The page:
beta catenin

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beta catenin

[‚bād·ə ′kat·ən·in]
(biochemistry)
A multifunctional protein that is involved in Wnt signal transduction and plays an essential role in intercellular adhesion.
References in periodicals archive ?
Beta-catenin expression in human neural cell lines following exposure to cytokines and growth factors.
The stimulation of this receptor suppresses the action of the beta-catenin protein, intercepting the series of events that change the intestinal cell into a malignant tumour cell," he added.
Beta-catenin accumulation and mutation of the CTNNB1 gene in hepatoblastoma.
Activation of the beta-catenin gene by interstitial deletions involving exon 3 in primary colorectal carcinomas without adenomatous polyposis coli mutations.
Beta-catenin is responsible for prompting osteoblasts to become mature and functional.
In experiments on normal and MLL cells from mice and humans, the researchers demonstrated that beta-catenin is activated in cancer stem cells that prompt leukaemic blood cells to multiply.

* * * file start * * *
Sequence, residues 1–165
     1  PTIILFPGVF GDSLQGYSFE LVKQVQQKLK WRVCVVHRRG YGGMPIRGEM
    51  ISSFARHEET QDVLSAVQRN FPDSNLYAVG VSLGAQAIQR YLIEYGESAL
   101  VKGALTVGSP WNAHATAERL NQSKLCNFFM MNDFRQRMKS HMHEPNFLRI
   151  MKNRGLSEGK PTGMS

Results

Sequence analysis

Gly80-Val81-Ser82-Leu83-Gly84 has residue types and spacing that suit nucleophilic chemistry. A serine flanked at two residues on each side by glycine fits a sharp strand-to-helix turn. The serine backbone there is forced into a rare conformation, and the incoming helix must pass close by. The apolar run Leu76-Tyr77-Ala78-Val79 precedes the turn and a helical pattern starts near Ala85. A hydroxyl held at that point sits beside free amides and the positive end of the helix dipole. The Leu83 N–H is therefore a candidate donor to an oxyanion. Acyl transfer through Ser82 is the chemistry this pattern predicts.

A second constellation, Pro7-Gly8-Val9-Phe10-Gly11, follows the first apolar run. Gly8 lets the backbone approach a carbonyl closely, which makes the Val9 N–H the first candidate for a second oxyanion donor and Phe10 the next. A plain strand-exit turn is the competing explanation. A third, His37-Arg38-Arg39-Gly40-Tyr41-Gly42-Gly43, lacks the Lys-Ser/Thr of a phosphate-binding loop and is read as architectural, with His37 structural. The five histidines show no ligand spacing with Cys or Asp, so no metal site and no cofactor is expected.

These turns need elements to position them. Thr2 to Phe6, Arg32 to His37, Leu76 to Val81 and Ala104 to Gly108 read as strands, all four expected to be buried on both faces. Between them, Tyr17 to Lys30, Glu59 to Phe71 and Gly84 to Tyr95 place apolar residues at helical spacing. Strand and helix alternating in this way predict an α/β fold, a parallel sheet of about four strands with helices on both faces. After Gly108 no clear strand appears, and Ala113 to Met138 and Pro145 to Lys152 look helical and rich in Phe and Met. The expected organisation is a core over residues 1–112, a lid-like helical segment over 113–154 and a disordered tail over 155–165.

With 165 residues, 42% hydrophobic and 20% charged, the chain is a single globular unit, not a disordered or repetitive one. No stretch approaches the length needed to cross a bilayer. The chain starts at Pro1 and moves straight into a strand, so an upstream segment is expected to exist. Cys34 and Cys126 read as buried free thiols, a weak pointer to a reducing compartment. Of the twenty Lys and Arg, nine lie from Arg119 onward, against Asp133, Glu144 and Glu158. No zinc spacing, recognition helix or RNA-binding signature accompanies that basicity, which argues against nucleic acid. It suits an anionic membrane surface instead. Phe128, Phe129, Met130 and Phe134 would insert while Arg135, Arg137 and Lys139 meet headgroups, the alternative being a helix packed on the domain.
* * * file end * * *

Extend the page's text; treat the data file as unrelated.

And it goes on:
In the study, the fruit inhibited tumour development by suppressing a protein called beta-catenin.
The activation of beta-catenin by Wnt signaling mediates the effects of histone deacetylase inhibitors.
Regulation of these actions is exerted by a number of different coregulators including the coactivators DRIP and SRC, a less well known inhibitor, hairless, and beta-catenin.
It has been speculated [24] that these progenitor cells are resistant to radiation and that this resistance is mediated by the beta-catenin stem cell survival pathway.
One transcription factor called beta-catenin is over-active in almost all bowel cancers.